In the October issue of The Atlantic, editor James Bennett takes a long look at campaign finance reforms and their impact on our democracy through the competing visions of Legal Center President Trevor Potter and anti-reformer James Bopp. “The New Price of American Democracy” traces the history of campaign finance reforms, the scandals that led to them, and the courts’ reactions to those reforms.
The piece looks at the motivations behind Potter and Bopp’s entry into the field of campaign finance law and their respective careers. Ultimately the piece examines each of the attorneys’ predictions and hopes for the future of how campaigns are financed and just how much will be revealed about who or what is bankrolling them. It further benefits from the author’s own experiences as a former White House reporter for The New York Times during the scandal-plagued Clinton Administration and as the brother of a sitting U.S. Senator whose 2010 race for office saw tens of millions of dollars of spending by outside groups from both sides of the political aisle.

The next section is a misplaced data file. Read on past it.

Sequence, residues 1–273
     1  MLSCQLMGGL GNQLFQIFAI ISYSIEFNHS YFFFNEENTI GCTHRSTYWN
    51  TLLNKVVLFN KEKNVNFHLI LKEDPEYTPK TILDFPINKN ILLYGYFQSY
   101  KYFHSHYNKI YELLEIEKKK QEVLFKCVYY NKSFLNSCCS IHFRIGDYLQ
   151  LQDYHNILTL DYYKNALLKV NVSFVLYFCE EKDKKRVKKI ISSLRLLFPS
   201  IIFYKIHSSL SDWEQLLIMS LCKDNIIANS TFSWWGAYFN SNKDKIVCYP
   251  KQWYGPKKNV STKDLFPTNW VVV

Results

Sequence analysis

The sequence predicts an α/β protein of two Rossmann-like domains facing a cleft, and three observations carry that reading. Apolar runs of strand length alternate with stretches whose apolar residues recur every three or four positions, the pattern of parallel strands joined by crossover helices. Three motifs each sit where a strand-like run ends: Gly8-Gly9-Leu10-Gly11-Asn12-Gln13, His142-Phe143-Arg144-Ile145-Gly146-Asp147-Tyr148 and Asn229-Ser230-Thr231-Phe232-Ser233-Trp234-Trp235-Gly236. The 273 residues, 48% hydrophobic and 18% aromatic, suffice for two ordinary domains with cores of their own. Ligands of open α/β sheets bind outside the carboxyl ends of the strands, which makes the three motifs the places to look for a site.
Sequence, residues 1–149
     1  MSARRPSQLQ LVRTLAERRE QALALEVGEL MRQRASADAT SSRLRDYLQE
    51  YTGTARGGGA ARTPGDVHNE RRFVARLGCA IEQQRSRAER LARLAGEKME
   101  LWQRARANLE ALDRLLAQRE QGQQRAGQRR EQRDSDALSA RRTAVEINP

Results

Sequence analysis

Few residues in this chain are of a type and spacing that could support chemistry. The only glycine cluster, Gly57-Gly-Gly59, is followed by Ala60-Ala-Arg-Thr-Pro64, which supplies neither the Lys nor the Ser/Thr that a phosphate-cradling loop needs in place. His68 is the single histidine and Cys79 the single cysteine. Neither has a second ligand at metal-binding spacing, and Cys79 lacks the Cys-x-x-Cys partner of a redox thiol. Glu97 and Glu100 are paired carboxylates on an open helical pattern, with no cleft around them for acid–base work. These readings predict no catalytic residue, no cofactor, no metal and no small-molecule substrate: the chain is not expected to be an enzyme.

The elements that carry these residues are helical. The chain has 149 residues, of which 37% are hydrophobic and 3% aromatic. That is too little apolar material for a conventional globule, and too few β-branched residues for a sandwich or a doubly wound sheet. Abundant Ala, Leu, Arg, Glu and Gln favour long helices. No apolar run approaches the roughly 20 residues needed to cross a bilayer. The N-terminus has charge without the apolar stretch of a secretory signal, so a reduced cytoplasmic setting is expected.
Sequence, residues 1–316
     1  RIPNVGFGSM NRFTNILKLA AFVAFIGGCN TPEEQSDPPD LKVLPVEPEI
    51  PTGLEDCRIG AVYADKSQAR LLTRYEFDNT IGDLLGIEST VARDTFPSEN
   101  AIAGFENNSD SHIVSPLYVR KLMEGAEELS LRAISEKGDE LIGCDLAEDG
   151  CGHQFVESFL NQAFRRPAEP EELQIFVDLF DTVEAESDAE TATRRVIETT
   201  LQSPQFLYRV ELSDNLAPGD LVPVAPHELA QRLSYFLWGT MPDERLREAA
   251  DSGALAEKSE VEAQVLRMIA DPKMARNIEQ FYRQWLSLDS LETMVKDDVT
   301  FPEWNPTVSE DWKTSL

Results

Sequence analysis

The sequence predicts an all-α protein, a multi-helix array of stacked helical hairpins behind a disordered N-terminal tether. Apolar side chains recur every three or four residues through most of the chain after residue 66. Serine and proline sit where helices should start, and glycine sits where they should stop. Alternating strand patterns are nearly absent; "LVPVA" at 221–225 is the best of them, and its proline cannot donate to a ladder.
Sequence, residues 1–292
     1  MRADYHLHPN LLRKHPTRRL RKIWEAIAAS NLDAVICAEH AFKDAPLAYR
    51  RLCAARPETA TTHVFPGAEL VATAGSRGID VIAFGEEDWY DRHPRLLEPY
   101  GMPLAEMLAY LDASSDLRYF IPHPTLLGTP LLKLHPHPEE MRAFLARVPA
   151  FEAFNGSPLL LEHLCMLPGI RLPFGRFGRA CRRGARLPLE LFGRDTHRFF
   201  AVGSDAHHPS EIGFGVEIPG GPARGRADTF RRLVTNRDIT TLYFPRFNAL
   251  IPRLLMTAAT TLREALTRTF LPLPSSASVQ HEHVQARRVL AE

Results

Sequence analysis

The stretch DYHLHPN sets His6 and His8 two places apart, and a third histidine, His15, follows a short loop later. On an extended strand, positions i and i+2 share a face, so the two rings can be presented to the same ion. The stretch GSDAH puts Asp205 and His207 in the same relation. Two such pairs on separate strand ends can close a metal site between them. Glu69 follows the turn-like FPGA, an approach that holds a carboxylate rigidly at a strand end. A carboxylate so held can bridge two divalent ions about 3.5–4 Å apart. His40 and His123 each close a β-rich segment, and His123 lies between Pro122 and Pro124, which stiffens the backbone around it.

To read the full story online at The Atlantic, click here.
To view excerpts of one of the author’s interviews with Trevor Potter, click here.